Turkish mining legislation gives operating companies a right to explore and operate mines in the country through the issue of licences which are subject to a state royalty payment. Following the passing of legislation in 2004, Turkey has welcomed increased foreign investment into the sector, consequently enabling Turkey the leading gold producer in Turkey. In 2009, the mining law was reviewed in a bid to clarify and build upon elements of the existing legal and environmental framework which was previously open to a degree of interpretation under the 2004 legislation. In line with international standards, the new Turkish mining law was passed in 2010. In 2014 modifications to the mining law were ratified. Click to download the translated 2014 mining law amendments.
Turkish mining law divides minerals into six groups including precious metals under-which gold is classified. The exporation period is currently 7 years and the period in which mining activities can begin following the successful application for an operational permit is one year. Currently if a company holds an operation licence but fails to untertake physical production, 10% of the royalty is payable as a penalty.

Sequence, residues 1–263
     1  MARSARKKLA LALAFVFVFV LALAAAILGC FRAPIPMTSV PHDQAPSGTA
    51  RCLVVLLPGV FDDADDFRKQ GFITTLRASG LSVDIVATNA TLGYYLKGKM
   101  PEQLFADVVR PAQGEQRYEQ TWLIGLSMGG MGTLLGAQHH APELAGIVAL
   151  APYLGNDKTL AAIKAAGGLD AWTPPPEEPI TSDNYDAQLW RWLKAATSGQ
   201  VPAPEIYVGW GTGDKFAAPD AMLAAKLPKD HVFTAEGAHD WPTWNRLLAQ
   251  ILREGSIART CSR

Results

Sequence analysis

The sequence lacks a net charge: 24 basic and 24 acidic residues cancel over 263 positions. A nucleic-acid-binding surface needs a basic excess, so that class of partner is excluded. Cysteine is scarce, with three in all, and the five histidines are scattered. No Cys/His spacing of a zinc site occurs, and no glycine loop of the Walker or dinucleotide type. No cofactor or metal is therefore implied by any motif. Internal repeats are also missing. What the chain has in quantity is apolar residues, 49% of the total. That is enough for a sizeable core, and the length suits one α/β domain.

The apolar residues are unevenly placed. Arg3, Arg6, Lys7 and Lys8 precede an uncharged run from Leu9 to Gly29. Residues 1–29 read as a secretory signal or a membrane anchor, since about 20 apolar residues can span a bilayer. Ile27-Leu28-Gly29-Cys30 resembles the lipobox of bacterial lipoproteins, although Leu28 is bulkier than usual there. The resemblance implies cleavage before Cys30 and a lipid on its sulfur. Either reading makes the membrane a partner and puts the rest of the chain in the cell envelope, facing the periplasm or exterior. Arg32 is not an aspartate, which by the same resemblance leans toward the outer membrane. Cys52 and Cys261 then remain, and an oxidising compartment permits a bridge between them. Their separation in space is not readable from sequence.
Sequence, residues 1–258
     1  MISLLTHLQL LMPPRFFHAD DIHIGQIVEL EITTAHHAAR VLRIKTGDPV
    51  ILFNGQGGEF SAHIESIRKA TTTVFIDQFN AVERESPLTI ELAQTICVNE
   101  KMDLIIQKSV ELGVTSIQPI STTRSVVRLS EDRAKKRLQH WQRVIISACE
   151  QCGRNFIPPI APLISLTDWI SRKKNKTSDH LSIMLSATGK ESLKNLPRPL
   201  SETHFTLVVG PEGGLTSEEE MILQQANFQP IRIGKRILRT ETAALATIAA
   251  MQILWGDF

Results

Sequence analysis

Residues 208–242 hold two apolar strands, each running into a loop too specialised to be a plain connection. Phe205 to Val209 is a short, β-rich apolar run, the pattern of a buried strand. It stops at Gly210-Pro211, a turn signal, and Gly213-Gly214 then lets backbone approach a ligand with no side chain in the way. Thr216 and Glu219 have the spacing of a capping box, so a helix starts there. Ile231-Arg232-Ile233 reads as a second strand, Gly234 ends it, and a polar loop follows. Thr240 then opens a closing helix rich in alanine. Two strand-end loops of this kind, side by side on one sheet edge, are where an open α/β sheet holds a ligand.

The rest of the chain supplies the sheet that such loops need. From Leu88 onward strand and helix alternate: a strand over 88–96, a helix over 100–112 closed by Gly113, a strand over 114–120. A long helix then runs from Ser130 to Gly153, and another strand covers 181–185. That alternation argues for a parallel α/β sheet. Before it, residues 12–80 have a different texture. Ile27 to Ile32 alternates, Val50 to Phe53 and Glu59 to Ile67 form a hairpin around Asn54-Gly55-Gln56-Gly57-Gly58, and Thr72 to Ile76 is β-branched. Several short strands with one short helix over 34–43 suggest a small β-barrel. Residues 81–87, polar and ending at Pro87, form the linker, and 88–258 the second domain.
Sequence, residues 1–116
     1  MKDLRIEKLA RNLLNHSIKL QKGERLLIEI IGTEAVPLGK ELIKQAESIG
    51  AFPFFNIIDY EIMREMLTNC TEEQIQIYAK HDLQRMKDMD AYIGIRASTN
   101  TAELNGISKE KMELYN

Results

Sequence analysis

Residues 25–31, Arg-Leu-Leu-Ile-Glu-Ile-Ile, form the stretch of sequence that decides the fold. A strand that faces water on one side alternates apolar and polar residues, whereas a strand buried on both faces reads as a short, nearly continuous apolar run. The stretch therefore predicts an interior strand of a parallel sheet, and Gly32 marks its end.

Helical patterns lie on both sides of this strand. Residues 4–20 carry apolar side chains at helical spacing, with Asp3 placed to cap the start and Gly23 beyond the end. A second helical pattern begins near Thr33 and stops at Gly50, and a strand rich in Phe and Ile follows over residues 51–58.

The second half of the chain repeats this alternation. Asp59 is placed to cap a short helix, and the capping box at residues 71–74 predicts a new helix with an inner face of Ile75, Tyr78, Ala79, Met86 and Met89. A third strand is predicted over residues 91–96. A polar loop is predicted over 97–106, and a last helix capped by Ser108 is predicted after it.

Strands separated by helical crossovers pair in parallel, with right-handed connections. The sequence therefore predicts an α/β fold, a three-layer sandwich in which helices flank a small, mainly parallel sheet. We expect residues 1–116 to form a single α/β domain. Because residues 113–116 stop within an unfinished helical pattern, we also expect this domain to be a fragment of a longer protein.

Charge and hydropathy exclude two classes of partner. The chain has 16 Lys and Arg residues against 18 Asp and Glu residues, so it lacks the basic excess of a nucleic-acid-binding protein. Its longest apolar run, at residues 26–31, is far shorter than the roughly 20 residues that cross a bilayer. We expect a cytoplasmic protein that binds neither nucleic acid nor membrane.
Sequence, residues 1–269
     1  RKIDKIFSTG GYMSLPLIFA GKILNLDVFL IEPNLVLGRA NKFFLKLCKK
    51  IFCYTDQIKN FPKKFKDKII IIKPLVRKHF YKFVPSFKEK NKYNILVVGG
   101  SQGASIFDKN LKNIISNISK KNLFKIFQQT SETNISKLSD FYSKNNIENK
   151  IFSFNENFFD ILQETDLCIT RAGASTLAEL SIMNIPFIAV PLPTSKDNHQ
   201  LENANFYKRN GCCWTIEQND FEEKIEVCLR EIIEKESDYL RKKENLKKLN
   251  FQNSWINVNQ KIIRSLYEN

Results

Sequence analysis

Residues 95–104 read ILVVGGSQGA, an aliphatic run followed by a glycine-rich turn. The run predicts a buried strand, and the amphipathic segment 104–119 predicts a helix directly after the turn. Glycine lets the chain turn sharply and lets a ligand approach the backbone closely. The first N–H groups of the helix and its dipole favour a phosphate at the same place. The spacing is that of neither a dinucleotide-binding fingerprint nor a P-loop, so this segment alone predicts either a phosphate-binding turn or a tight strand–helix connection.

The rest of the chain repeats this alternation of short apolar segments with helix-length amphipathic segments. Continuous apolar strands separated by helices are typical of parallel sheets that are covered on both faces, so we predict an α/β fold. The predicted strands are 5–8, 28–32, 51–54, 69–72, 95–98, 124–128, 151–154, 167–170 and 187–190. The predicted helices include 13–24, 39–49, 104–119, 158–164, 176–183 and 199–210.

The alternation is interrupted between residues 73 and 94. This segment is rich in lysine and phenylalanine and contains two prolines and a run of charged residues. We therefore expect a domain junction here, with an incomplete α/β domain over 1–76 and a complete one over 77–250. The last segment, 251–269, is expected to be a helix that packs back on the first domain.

If gold mining activity occurs on state owned land the licence holder is required to pay an additional 30% royalty, whereas stated owned forestry land requires a royalty payment direct to the Forestry General Directorate. If extracted ores are processed in Turkey (thus providing additional value to the Turkish economy), only 50% of the royalty needs to be paid.
Mining Law Changes in 2010
The new mining law introduced in 2010 has bought about a number of changes to licence royalty payments, for a detailed description of these changes, click here.
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